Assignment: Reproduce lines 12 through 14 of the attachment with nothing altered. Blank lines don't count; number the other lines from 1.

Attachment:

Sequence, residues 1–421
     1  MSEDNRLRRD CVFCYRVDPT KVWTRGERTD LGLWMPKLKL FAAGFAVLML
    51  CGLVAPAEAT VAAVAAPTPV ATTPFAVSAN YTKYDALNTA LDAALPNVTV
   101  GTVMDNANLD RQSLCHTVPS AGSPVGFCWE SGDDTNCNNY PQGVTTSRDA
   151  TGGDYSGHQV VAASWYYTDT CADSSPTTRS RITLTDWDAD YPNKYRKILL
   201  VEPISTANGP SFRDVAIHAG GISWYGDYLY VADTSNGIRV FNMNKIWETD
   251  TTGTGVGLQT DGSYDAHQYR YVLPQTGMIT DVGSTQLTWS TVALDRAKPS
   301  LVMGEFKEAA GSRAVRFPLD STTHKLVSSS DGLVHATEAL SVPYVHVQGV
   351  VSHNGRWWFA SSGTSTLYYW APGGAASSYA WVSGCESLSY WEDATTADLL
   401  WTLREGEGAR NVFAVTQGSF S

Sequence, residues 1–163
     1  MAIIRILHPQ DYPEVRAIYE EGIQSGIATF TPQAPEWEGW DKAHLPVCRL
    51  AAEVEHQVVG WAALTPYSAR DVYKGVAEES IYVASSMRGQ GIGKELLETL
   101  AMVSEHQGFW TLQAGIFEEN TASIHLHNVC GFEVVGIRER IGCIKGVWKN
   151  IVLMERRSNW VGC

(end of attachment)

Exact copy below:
     1  MAIIRILHPQ DYPEVRAIYE EGIQSGIATF TPQAPEWEGW DKAHLPVCRL
    51  AAEVEHQVVG WAALTPYSAR DVYKGVAEES IYVASSMRGQ GIGKELLETL
   101  AMVSEHQGFW TLQAGIFEEN TASIHLHNVC GFEVVGIRER IGCIKGVWKN